What we need is more love and less paperwork - Renewal and Reform
Posted by Graham Millar, Project Manager, MPDW on 23rd December 2016
By freeing-up clergy from administration, more time can be given to growing the Church and serving local communities, argues Graham Millar, from the Mission Partnership Development Worker Project in Sheffield Diocese.
Anyone not involved closely with parish ministry may be surprised to know research has found that administration takes up more clergy time than any other type of work. Paperwork is clearly not what most priests are called to and filling in forms and photocopying, whilst humbling, do little to grow the Kingdom.
The ‘Experiences of Ministry’ research undertaken by Kings College London in 2013, was one of the catalysts that led the Diocese of Sheffield to secure funding to support up to a third of its parishes with admin support.
The ‘Mission Partnership Development Worker Project’ is a six-year programme that has been supported by a £1m grant from the Church Commissioners’ Strategic Development Fund, part of the Renewal and Reform programme.
So far six development workers have been appointed to provide groups of churches (working together as Mission Partnerships) with professional support in areas such as administration, communication, publicity and finance. This number will more than double in 2017.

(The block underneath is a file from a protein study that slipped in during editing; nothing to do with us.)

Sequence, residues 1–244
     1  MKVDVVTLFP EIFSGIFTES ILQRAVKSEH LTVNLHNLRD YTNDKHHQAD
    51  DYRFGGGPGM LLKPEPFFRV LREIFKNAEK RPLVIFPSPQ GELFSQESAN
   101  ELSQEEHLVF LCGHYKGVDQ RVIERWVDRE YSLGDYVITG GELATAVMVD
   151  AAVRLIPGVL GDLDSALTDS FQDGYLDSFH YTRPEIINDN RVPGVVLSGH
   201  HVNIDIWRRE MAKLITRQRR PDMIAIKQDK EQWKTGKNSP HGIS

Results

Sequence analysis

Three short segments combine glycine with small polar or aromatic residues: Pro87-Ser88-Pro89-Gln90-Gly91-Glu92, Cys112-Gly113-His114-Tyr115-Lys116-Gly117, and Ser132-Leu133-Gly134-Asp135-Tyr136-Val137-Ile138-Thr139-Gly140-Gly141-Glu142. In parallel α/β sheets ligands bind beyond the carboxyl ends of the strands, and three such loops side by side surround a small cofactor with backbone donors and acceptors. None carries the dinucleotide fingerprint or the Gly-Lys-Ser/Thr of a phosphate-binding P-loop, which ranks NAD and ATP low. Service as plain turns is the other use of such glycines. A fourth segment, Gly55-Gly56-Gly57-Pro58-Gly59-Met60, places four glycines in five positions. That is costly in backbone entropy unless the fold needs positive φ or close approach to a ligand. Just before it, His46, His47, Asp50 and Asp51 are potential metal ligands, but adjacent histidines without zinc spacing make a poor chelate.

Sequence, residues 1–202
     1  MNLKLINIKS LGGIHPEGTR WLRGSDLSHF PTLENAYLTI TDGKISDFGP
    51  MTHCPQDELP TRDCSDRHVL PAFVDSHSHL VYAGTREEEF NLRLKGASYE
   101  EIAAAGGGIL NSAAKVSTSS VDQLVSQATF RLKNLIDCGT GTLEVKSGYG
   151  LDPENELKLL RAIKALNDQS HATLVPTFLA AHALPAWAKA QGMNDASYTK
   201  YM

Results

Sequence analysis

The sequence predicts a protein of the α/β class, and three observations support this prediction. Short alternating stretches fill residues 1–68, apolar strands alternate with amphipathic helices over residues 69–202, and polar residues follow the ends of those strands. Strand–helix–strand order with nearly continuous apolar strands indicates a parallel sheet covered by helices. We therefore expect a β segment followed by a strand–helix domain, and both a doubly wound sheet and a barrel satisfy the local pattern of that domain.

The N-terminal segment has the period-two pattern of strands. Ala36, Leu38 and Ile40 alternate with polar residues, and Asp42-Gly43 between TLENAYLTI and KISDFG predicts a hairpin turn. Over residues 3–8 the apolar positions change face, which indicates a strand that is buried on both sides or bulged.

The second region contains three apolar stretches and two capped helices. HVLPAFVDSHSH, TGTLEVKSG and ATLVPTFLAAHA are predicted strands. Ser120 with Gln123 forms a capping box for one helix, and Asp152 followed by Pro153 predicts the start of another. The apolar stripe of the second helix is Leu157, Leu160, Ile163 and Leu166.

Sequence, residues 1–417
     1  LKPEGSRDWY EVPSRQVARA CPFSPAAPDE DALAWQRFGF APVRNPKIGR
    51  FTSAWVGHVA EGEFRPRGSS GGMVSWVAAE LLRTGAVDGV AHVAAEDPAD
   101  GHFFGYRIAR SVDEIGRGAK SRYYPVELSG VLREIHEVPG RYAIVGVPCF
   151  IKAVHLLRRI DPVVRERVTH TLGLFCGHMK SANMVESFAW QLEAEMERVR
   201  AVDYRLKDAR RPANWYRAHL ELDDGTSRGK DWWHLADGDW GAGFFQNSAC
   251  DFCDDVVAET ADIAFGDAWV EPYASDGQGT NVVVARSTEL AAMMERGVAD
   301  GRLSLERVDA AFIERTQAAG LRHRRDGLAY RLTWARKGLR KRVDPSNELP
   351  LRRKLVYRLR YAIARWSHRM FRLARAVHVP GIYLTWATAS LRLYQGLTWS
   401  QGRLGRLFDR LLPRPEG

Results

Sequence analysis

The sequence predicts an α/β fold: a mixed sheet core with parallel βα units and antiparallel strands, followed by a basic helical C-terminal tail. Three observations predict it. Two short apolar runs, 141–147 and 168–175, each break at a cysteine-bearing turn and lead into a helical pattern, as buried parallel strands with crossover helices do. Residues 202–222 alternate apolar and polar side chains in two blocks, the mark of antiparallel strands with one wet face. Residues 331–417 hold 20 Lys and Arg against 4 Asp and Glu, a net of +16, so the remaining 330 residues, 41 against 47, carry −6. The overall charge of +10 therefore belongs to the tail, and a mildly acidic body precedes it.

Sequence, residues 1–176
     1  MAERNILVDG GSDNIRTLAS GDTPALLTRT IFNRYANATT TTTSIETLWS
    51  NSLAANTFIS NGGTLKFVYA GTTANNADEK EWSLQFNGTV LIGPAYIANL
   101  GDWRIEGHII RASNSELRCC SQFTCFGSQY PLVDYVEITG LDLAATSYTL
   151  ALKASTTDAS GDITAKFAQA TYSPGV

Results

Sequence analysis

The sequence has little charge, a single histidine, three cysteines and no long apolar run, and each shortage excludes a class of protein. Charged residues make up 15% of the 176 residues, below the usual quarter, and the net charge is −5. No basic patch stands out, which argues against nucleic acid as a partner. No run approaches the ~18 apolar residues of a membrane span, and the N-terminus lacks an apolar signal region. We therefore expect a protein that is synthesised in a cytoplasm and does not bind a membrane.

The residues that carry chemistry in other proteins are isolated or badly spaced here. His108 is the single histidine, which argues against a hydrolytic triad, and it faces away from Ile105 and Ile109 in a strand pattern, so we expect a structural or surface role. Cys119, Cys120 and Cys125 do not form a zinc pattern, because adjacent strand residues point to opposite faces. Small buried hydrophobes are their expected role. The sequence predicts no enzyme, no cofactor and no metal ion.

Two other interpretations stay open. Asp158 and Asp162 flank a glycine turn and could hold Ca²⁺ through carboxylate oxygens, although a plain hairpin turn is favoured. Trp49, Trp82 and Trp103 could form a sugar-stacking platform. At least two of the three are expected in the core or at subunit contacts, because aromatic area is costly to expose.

The overall aim is to free up clergy time for mission and the project has engaged academic partners to evaluate the success of this in relation to: church growth; lay leadership; and financial stability.
Wedding management is just one example of how this works. The development worker is able to provide an efficient response to initial enquiries, manage diaries for multiple churches and organise organists/choirs/bells etc., leaving the clergy free to provide pastoral support to couples.
One vicar described their development worker as ‘a God send’ and another reported being able to finally develop working links with a local credit union which resulted in the church becoming a base for money advice and support to the local community – creating both missional and community engagement opportunities. This was a development that had been talked about for years – but was made possible by the easing of the administrative burden.